by Eugene B. Redmond, February 23, 2011 . . . Re: 150th Birthday Celebration, April 1.

1.         we arrive, we arrive

we cross-fertilize

we derive, we survive

2. For a thousand years, Native Peoples (“mounds” builders) inhabit both sides of the Mississippi River. In “Illinois,” these “Mississippians” build the largest city in “America” (circa 1250 AD)—with a population exceeding that of London at the time. (Fast Forward: “Native” culture survives/pervades Metro East today via mounds, namesakes (sports teams, rivers, streets) museums (lectures/tours), conferences and annual pow wows.)

3. 1600-1800: After French Jesuits settle in “Cahokia” (late 1600’s), other Europeans follow, including Captain James Piggott, who operates the first Mississippi River ferry business (1790’s). A few hundred Africans are among settlers. (Fast Forward: During the 20th Century, ESL’s “Piggott” Avenue nurtures Scotia Calhoun Thomas (entrepreneur), James Rosser (college president) and Jackie Joyner-Kersee, among others.)

4. 1800-1860: Flood of Immigrants. Belleville incorporates as a city (1850). ESL, evolving through name changes, social and economic processes, is overwhelmed by flooding and a tornado at mid- and late-century. City becomes industrial/commercial center. Fledgling “Negro” self-help groups, one-room schools, churches and settlements (like Brooklyn and Quinn AME Church ) are created. (Fast Forward: Brooklyn is renown for its Harlem Club where Duke Ellington, Shirley Brown and Albert “Blues Boy” King perform.)

5. 1861: From “Illinois City” to “Illinois Town” to “East St. Louis” . . . the “Village” is born on April 1.

(Fast Forward: ESL, criss-crossed by railroads, is second after Chicago in RR and meat packing industries.)

6. 1861-1900: Civil War begins. U.S. transitions from agriculture to industry, driving a commercial-industrial revolution in ESL. 1871: Creation of National Stock Yards. Eads Bridge opens (1874). First mayor, John Bowman (1865), is assassinated in 1885. Centennial of St. Clair County is celebrated (1890). Captain John Robinson leads battle for schools (for “coloreds” plus Lincoln and Garfield); “Negro” lodges, churches (Macedonia, Mt. Olive, St. John A.M.E.) and professionals increase. ESL’s population rises to nearly 30, 000 (with several hundred African Americans). (Fast Forward: During 19th and 20th Centuries, ESL is “transfer” point for goods and soldiers. John Robinson Elementary School and Homes open on Bond Avenue. As a “ premiere avenue for Blacks during the 1920’s,” according to Jeanne Allen Faulkner, Bond is also home to mid-20th Century Lincoln High School and the Cosmo Club where Chuck Berry’s career is launched.)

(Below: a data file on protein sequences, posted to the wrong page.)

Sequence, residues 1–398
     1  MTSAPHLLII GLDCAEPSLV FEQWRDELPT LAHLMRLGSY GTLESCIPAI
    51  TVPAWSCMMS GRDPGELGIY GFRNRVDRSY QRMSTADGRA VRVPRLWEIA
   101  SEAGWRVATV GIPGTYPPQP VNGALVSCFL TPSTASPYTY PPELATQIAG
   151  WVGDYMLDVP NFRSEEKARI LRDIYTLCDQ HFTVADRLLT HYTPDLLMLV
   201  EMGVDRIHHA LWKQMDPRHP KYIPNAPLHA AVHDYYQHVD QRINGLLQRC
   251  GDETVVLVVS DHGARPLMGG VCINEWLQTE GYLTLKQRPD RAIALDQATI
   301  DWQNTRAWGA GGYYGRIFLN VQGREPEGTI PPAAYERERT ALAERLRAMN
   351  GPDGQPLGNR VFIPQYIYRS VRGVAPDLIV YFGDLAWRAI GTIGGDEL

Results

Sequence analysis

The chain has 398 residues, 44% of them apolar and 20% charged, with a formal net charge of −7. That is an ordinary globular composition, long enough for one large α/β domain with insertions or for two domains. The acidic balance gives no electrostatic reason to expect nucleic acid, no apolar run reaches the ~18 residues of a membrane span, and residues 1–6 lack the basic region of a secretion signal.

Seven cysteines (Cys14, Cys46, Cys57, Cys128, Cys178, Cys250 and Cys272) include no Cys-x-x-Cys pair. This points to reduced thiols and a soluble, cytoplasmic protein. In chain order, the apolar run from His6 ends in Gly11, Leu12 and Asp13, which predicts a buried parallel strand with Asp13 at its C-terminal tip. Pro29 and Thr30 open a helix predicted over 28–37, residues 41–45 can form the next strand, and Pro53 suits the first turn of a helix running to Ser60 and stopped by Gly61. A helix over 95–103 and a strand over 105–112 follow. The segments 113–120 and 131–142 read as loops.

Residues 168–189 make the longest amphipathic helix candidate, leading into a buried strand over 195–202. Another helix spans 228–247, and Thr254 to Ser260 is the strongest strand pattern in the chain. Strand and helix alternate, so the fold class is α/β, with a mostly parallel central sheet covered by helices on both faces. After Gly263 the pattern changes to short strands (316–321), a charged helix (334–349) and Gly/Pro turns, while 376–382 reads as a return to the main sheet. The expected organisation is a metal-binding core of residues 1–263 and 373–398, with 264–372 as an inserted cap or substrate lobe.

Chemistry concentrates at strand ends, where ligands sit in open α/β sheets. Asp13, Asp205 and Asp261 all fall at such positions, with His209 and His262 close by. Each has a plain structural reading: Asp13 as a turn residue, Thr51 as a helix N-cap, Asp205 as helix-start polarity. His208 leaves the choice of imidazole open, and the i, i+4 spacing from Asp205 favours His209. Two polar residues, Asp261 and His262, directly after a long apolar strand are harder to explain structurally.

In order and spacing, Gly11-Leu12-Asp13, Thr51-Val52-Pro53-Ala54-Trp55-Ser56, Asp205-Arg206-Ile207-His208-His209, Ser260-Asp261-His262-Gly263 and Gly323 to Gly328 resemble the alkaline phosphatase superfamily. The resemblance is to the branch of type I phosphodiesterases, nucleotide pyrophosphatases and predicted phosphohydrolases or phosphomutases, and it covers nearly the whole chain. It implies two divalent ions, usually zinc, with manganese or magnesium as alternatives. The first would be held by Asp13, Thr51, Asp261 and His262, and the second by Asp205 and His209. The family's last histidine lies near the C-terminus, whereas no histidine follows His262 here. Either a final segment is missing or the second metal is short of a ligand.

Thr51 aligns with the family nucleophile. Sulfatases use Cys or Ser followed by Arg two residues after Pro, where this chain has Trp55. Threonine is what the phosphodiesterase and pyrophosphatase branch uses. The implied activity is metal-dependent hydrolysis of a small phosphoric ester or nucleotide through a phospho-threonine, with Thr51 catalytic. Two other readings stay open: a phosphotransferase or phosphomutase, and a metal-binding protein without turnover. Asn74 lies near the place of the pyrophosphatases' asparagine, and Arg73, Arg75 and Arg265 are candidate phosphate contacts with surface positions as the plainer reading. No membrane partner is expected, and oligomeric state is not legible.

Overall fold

7. 1900-1925: More flooding. Meat packing industry moves to town of National City on ESL’s northwest end and, like Monsanto (Sauget) on the southwest flank, incorporates as a separate entity, depriving ESL of a rich tax base. In 1917, a gumbo of social, political, economic and racial factors causes the Race Riot. (St. Louis [MO] Chapter of Urban League is formed the year after the Riot.) Of U.S. cities with populations of 50,000-plus, ESL is the second poorest. Even so, it is among fastest growing cities in the country: Its population doubles every 10 years (reaching 75, 000 in 1930). 1924: ESL NAACP chapter is organized.

8. 1926:  Miles Dewey Davis III is born in Alton (IL). The Davises move to East St. Louis in 1927.

9. 1926: In sympathy/empathy re: victims of the Riot of 1917, Duke Ellington co-writes/records “East St. Louis Toodle-Oo.” … The song later appears on a Steely Dan album, Pretzel Logic. [Throughout 20th and 21st Centuries, movies, TV shows, books, ballets/stage plays (like Katherine Dunham’s Ode to Taylor Jones III and Frank Nave’s East Boogie Rap) and publications, such as Drumvoices Revue, focus on ESL.]

10. 1926-present: After struggles for jobs and freedom, equal housing and education (Black-based and citywide schools); after “Miles/tones” and “Negro firsts” like the Paramount Democratic Organization and Dr. Aubrey Smith’s election to the Illinois House of Representatives (1930’s); after creation of “Negro” newspapers, being named an All American City (1940’s-1960’s) and more floods, the rest is history . . .


Eugene B. Redmond is the poet laureate of East St. Louis founder of the EBR Writer’s Club and a retired professor of English from SIUE.

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